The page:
Brushing Off The Cobwebs; An Interview with Sam Boatright Of Hush Machine

Looking all around him, Sam Boatright began noticing that a chance of scenery was needed for him.  Leaving his post in the garage-psych band Psychic Heat to explore other opportunities, the twenty-one Lawrence, Kansas musician went back to music that he archived years ago.
Channeling the moniker that he kept dormant till just recently Hush Machine, Boatright’s self-titled debut album comprises youthful reflections and philosophies.  These traits can be easily traced as the songs were mainly written during the musician’s high school days.
Ghettoblaster recently caught up with Boatright and discussed why Hush Machine was given new life, if there was any regrets leaving his previous project, and what’s next.
You just began sharing music under the moniker Hush Machine.  Although you have been under the moniker for several years now, what finally convinced you to start releasing music?
I sent out these tunes to hundreds of people over the past few years. This past year, Chris Mac at Jigsaw responded and wanted to release them under his awesome indie label. I think his courage and enthusiasm in the songs gave me a kick in the butt that I needed and validated to me that these songs may actually be good.
Before Hush Machine, you were involved in another band Psychic Heat.  How difficult was it to leave that project to explore other things?
It was hard to leave Psychic Heat, especially because those dudes are so amazing. But sometimes life happens and it just makes sense to do your own creative things. We’re all still good friends, and it’s fun to keep up with what different projects we’re putting out.
On your self-titled album, a majority of the songs were written and recorded back in 2013.  What was the reasoning of going with these batch of songs instead of recording fresh material?
I wanted to put out these songs because I felt like they deserved a proper release. It was almost as if I couldn’t fully put myself into a new thing with these songs sitting and collecting dust. I’ve recorded a handful of odd songs from Beat Happening-esque rambles and Drums-wannabe tracks, haha, but the batch of songs on this debut release recalls a very certain time for me in my life. I see it as a photograph capturing my immaturity and angst and naivety and that I could only write those songs lyrically and musically at that point.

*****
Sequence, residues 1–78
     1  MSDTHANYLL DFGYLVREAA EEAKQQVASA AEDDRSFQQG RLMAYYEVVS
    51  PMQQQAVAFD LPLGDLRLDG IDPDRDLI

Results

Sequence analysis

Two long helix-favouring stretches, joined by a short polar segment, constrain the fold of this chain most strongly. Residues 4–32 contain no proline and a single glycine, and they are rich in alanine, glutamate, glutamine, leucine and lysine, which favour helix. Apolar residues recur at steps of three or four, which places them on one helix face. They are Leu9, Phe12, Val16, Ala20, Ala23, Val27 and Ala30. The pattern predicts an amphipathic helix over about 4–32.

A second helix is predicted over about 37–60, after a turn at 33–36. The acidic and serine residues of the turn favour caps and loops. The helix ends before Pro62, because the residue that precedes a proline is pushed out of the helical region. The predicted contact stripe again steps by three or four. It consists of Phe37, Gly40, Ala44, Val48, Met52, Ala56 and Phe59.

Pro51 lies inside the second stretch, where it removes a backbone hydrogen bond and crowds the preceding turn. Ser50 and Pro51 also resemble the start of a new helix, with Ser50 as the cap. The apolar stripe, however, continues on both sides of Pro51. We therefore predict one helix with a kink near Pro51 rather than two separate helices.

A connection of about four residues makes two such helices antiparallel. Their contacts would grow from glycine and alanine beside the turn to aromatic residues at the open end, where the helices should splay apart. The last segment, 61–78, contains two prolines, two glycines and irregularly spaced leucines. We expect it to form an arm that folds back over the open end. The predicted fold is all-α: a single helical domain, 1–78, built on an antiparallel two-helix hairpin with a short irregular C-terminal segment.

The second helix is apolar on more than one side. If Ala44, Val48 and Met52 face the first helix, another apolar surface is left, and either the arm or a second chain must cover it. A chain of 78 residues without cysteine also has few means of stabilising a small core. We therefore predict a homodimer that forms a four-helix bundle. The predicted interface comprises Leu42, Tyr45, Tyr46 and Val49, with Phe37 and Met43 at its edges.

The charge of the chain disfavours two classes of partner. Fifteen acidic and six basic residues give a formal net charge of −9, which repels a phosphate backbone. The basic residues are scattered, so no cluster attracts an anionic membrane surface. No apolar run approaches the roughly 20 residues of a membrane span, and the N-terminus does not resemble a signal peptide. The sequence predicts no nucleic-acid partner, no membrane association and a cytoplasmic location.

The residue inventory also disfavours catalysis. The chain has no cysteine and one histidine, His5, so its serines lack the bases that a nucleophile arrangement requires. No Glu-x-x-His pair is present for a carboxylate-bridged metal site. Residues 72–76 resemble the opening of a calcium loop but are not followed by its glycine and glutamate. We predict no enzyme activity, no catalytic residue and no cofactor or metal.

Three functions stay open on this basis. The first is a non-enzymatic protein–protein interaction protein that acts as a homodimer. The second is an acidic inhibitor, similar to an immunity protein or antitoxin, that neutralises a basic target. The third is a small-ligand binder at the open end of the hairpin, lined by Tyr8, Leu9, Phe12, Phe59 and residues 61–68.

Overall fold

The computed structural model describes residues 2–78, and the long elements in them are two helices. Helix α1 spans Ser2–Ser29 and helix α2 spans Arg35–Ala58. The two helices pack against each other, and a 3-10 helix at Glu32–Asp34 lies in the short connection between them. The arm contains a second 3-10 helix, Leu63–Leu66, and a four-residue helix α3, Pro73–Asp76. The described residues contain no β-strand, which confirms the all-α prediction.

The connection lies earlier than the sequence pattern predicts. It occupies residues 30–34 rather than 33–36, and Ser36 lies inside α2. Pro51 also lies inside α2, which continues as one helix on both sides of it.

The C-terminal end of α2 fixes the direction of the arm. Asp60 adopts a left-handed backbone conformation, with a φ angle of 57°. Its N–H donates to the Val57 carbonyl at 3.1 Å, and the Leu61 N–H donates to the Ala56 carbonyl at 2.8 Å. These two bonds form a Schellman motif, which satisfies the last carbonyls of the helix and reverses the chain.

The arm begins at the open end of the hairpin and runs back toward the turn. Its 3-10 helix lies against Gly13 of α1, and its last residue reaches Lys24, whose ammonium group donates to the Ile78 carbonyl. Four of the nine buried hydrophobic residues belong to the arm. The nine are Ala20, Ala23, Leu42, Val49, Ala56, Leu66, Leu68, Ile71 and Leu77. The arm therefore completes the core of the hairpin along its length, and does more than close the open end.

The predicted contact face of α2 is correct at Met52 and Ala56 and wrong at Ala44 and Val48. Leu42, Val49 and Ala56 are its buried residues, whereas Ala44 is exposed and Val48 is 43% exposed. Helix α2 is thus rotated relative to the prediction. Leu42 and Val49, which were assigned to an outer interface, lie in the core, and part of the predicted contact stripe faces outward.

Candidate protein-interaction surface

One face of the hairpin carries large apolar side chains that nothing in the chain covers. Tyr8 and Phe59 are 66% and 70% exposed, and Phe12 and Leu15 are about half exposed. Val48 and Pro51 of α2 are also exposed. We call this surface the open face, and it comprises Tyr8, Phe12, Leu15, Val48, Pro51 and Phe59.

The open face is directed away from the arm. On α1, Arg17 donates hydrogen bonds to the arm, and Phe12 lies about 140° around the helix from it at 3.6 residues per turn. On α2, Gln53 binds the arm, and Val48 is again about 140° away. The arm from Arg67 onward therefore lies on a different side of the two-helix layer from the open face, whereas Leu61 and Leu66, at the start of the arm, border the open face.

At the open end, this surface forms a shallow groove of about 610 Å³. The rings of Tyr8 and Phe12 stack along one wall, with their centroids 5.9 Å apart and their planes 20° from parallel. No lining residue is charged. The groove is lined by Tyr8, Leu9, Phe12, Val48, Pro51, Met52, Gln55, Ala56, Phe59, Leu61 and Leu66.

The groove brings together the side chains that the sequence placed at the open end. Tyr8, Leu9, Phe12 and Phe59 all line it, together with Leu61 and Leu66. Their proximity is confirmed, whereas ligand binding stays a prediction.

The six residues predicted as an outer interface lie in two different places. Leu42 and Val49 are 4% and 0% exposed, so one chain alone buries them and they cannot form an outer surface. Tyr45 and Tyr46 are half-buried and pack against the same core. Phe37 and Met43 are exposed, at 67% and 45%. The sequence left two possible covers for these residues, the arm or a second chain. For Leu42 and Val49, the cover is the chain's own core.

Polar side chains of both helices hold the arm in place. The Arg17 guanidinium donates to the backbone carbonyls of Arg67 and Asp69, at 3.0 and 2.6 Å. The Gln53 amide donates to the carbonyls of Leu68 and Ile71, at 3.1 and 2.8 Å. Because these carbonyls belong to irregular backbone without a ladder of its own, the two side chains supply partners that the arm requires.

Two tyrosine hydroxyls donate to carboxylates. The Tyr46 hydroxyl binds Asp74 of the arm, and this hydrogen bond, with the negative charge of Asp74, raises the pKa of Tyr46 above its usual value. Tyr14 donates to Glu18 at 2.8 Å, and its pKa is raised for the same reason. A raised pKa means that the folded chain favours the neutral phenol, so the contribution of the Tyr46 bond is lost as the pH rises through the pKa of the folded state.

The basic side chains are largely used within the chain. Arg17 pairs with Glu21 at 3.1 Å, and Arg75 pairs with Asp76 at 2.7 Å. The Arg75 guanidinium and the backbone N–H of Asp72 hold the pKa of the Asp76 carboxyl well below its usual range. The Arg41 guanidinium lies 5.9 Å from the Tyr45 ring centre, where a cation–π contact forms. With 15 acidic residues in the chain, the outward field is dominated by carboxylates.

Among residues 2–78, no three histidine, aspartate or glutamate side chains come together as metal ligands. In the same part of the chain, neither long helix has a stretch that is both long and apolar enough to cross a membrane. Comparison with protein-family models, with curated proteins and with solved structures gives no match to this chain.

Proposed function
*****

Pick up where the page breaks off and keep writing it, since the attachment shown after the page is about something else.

Lyrically, the album contain a mix of youthful angst and peaceful harmony.  What was your vision during the writing process?
These were all songs written over my junior high and high school years; it’s weird singing them now, but it definitely shows me, at least, that I have changed and transformed, which is good. I didn’t have any specific vision while writing the songs, but to just not second guess myself that much. Just create and if it’s decent keep working with it until I found it to be good.
When listening to the album, I can still hear some influence of Psychic Heat.  Did you purposefully seek out to set up Hush Machine to sound differently?
Psychic Heat is a band very aware and conscious of melody and pop sensibility. I think Hush Machine is similar in that way, but otherwise, I think of Hush Machine as much more skeletal and jangly, whereas Psychic Heat could be this loud, fuzzy beast.
What was the process like recording your self-titled debut album?
I booked two days at Weights and Measures studios in Kansas City with the ever wonderful Duane Trower. He helped me hone in on the sharpness of the songs and their rigidity and he was able to let me work at the quick pace that I like. I think we both work well that way.
Did you record all of the instrumentals yourself for the album?
Yeah, I recorded all the parts, just like Andre 3000 😉
I didn’t see any upcoming shows or tours lined up.  Does Hush Machine have anything coming up in the near future?
We’re in the process of booking a tour for late June/early July and we’ve been playing a few shows a month around Lawrence. We got 2nd in KU’s Battle of the Bands (Farmer’s Ball) which was great! It was like our second show as a band; the validation from the crowd that I wasn’t an idiot for playing these songs live was very warming.

Hush Machine’s self-titled debut is out now via Jigsaw Records
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